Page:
TCS Daily

Subsidies and Starvation

By Richard D North - June 20, 2002 12:00 AM

The Food and Agriculture Organisation (FAO) of the UN recently met to discuss world hunger amidst reports that 8 million people may die of starvation in southern Africa this year. What is so interesting is that some of the very biggest players -- black and white, in Africa, in Europe and the US -- are as much to blame as Africa's tricky climate.

A man like Robert Mugabe, the president of Zimbabwe, says he blames British ex-patriate farmers for the starvation, which undoubtedly afflicts many of his people. It was all so easy to say. Much of the country's best land was owned by a few white people. Mugabe has "repatriated" much of this land. In doing so he has crashed his country's thriving agriculture sector, and its tax and hard currency revenue as well. Several farmers have been killed and getting on for a million workers have been thrown out of work and their homes.

Even if he was as good as his word, and gave the land to Africa's peasant farmers, Mugabe would be doing them no favours. I have met many small-scale farmers in Africa and have been struck by how unlikely it is that they could ever be self-sufficient. I was with a (white, well-paid, committed) UN aid worker for an exciting day trip in his big white Land Cruiser whilst we crossed a small African country to try to persuade a local woman to borrow $3 so as to buy some chickens to improve her production. She refused. Suppose she couldn't repay the money? This teaches one an important truth. Very poor people are often courageous, ingenious and persistent as they bear the nastiness life throws at them. They are chronically averse to risk, an attitude which keeps them poor but keeps them alive. That is a big part of the answer to the question a bright but poor farmer once asked me: "Why is it", he inquired, angrily, "that I am condemned to farm in a manner which would have been recognisable to Jesus Christ?".

So. Very few peasants can really improve their lot, and very few peasants are happy with their lot. Millions have moved to cities in the belief that it is better to half starve where there is a chance of work than to stay on the land and certainly go hungry.

What stops Africa's rural scene moving along the track toward decent livings and decent food production? Part of the problem is that there is too little of any economic development at all: farmers need customers. So while it may seem perverse and bizarre, there really is a logic in seeing exports as important to Africa's rural future. That is why those Zimbabwean farmers growing tobacco -- yes, the cancer-causing stuff of cigarettes -- were doing Africa good as they developed a huge export trade. They did so in the face of rich-world subsidies to tobacco growers in the US and EU.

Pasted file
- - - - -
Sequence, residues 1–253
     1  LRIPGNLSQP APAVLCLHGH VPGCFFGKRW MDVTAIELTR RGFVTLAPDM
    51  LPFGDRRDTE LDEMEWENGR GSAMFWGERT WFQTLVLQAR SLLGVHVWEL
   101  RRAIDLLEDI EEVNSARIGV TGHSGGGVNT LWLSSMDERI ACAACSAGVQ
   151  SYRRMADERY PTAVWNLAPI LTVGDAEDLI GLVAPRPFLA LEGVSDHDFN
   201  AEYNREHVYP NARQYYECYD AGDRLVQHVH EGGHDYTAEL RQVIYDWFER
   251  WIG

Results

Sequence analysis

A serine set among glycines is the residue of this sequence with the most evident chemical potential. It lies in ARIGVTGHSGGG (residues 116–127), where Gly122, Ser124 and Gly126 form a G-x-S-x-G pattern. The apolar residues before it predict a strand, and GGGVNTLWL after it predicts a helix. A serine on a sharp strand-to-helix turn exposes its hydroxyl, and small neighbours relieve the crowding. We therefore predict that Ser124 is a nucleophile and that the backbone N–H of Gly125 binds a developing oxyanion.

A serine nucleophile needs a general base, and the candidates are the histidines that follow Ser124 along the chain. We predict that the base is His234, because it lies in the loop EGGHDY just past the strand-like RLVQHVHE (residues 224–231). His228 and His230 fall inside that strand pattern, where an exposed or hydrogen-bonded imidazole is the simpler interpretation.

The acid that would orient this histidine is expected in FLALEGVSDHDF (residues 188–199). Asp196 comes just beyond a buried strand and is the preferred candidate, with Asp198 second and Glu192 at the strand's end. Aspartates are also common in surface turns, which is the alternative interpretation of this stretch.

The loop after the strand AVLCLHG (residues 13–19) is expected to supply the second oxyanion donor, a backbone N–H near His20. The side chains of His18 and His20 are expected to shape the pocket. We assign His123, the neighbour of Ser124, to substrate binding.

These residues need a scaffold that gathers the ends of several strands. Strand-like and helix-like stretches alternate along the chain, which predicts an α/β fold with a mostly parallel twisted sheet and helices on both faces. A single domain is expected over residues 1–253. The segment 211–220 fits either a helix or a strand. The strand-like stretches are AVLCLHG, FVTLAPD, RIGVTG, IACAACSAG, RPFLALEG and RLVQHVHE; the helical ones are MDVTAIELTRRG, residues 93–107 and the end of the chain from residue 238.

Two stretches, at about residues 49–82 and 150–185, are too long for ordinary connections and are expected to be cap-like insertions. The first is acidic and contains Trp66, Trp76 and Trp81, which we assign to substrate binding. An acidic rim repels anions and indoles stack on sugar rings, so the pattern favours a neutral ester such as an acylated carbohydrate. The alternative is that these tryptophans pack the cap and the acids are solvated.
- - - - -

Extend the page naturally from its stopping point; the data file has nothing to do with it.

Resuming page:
Africans need the chance to compete with the few things they have: cheap sun and cheap labour. They need access to the world's markets. And yet several of their richest potential markets are ring-fenced by tariffs and other protectionist measures designed to keep Western farmers in business. The EU and the US in particular are engaged in a protection racket designed to keep rural constituencies and their media fan clubs in some sort of acquiescence.

It is hard to assess the damage protectionism does to the farmers of the poor world, but bodies like the OECD routinely put it in the range of billions of dollars, and suggest it far outranks the aid we send.

The farmers of the poor world face further obstacles. There is small but growing movement of consumers in rich countries which has an understandable but useless view of what the Third World should be like. These media-friendly campaigners argue that only small producers are any good, that production should be "organic", that genetic-modification is a curse, and that it is wrong to fly or ship food long distances.

All these prejudices will make it harder for small farmers to become medium-sized farmers, and medium-scale farmers to become large farmers. They are all prejudices designed to help poor people get a living where they are and in a way which might have suited them a hundred years ago. They are all measures which will fail to halt the flight to the city by people seeking a better way of life, and they are all likely to keep land more or less idle or under-productive whilst the farming sector of many poor countries festers. They contribute to hunger because they contribute to poverty.

The author is Media Fellow of the Institute of Economic Affairs and publishes continuously at

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